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Optimization of Proteins for Molecular and Biomolecular Electronic Devices

Biotechnology

  1. Kevin J. Wise1,
  2. Jason R. Hillebrecht1,
  3. Jeremy F. Koscielecki1,
  4. Jeffrey A. Stuart2,
  5. Robert R. Birge1,2

Published Online: 15 SEP 2006

DOI: 10.1002/3527600906.mcb.200400068

Reviews in Cell Biology and Molecular Medicine

Reviews in Cell Biology and Molecular Medicine

How to Cite

Wise, K. J., Hillebrecht, J. R., Koscielecki, J. F., Stuart, J. A. and Birge, R. R. 2006. Optimization of Proteins for Molecular and Biomolecular Electronic Devices. Reviews in Cell Biology and Molecular Medicine. .

Author Information

  1. 1

    University of Connecticut, Storrs, CT, USA

  2. 2

    Syracuse University, Syracuse, NY, USA

Publication History

  1. Published Online: 15 SEP 2006

Abstract

Protein-based bioelectronic devices have emerged as practical alternatives to semiconductor-based technology. While nature does not optimize biological molecules for performance in device applications, present-day genetic engineering has enabled investigators to manipulate the speed, durability, and architecture of candidate molecules. The biophysical, chemical, electronic, and thermal parameters of certain genetically amenable molecules have been optimized via a technique known as directed evolution. Combining genetic modification with differential selection makes it possible to tailor biological macromolecules with a high degree of accuracy and speed. Genetically modified forms of bacteriorhodopsin have improved the performance of the protein in three-dimensional volumetric memories, real-time holographic media, protein-based semiconductor devices, and artificial retinas.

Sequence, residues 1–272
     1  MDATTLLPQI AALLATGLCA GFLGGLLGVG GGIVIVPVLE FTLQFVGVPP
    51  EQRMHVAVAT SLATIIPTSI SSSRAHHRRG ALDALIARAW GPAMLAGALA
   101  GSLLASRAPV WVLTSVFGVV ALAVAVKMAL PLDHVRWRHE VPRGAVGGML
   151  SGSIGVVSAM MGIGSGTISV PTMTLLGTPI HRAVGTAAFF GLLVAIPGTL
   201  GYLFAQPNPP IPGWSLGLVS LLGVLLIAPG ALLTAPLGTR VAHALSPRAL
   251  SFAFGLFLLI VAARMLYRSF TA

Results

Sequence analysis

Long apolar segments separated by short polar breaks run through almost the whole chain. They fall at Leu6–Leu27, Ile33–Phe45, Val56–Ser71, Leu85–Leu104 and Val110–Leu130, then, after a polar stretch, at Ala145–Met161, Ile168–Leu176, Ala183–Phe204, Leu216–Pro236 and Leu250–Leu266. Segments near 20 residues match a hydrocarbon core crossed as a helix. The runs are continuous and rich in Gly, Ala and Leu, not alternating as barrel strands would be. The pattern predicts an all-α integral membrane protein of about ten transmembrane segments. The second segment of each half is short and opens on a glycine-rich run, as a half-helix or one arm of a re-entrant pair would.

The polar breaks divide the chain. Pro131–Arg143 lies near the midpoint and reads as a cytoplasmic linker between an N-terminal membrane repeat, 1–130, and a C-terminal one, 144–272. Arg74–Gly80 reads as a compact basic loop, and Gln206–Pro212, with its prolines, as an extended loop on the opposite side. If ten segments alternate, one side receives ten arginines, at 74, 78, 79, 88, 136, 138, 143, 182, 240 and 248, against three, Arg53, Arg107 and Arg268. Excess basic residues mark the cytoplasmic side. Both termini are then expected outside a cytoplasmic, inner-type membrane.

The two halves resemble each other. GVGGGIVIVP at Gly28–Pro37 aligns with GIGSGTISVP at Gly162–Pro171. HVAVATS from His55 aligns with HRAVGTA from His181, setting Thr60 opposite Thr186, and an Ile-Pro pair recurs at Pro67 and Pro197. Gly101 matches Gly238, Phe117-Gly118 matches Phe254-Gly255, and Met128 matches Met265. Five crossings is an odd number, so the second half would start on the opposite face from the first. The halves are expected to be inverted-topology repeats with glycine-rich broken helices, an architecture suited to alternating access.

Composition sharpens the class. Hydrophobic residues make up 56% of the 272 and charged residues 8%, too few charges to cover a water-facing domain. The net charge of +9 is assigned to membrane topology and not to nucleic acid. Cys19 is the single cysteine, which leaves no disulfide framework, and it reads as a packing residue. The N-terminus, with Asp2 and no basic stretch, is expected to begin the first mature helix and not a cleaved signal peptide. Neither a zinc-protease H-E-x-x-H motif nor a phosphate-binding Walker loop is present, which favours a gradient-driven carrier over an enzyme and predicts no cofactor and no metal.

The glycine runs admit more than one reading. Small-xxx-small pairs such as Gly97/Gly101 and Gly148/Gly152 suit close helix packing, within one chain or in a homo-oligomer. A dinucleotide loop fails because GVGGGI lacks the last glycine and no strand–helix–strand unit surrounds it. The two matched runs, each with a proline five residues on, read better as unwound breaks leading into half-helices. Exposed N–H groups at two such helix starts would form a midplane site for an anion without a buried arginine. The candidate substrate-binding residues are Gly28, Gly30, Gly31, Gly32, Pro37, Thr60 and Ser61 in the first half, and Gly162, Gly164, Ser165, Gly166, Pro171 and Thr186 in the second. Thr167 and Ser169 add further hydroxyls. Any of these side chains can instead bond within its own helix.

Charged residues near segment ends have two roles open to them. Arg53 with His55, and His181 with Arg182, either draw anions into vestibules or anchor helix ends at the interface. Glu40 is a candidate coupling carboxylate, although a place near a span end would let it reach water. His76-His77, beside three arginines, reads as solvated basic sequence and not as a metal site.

Keywords:

  • Bacteriorhodopsin;
  • Biomolecular Devices;
  • Biophotonics;
  • Directed Evolution;
  • Mutagenesis;
  • Protein Optimization;
  • Thermostability